Until now, the high cost of graphene production has been the major roadblock in its commercialiZation. Previously, graphene was grown in a highly-controlled environment with explosive compressed gases, requiring long hours of operation at high temperatures and extensive vacuum processing. Australian CSIRO scientists have developed a novel “GraphAir” technology which eliminates the need for such a highly-controlled environment. The technology grows graphene film in ambient air with a natural precursor, making its production faster and simpler.
“This ambient-air process for graphene fabrication is fast, simple, safe, potentially scalable, and integration-friendly,” CSIRO scientist Dr Zhao Jun Han, co-author of the paper published today in Nature Communications said.
“Our unique technology is expected to reduce the cost of graphene production and improve the uptake in new applications.”
GraphAir transforms soybean oil – a renewable, natural material – into graphene films in a single step.
“Our GraphAir technology results in good and transformable graphene properties, comparable to graphene made by conventional methods,” CSIRO scientist and co-author of the study Dr Dong Han Seo said.
With heat, soybean oil breaks down into a range of carbon building units that are essential for the synthesis of graphene.
The team also transformed other types of renewable and even waste oil, such as those leftover from barbecues or cooking, into graphene films.
“We can now recycle waste oils that would have otherwise been discarded and transform them into something useful,” Dr Seo said.
Growing graphene films in the ambient-air process.
The potential applications of graphene include water filtration and purification, renewable energy, sensors, personalised healthcare and medicine, to name a few.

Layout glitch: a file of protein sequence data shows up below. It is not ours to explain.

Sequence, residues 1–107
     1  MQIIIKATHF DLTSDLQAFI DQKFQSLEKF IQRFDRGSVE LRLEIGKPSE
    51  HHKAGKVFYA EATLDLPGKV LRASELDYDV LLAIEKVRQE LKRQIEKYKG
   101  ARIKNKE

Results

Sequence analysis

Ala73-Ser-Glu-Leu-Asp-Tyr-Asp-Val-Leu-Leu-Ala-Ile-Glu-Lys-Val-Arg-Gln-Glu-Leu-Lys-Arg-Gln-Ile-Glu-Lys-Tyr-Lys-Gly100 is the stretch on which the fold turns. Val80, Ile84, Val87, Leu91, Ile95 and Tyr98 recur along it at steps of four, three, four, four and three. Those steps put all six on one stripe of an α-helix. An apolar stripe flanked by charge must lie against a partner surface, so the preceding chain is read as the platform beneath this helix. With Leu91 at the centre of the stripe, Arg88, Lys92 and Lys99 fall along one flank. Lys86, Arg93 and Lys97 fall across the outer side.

Graphene has excellent electronic, mechanical, thermal and optical properties as well.
Its uses range from improving battery performance in energy devices, to cheaper solar panels.
CSIRO are looking to partner with industry to find new uses for graphene.
Thermal chemical vapour deposition techniques for graphene fabrication, while promising, are thus far limited by resource-consuming and energy-intensive principles. In particular, purified gases and extensive vacuum processing are necessary for creating a highly controlled environment, isolated from ambient air, to enable the growth of graphene films. Here we exploit the ambient-air environment to enable the growth of graphene films, without the need for compressed gases. A renewable natural precursor, soybean oil, is transformed into continuous graphene films, composed of single-to-few layers, in a single step. The enabling parameters for controlled synthesis and tailored properties of the graphene film are discussed, and a mechanism for the ambient-air growth is proposed. Furthermore, the functionality of the graphene is demonstrated through direct utilization as an electrode to realize an effective electrochemical genosensor. Our method is applicable to other types of renewable precursors and may open a new avenue for low-cost synthesis of graphene films.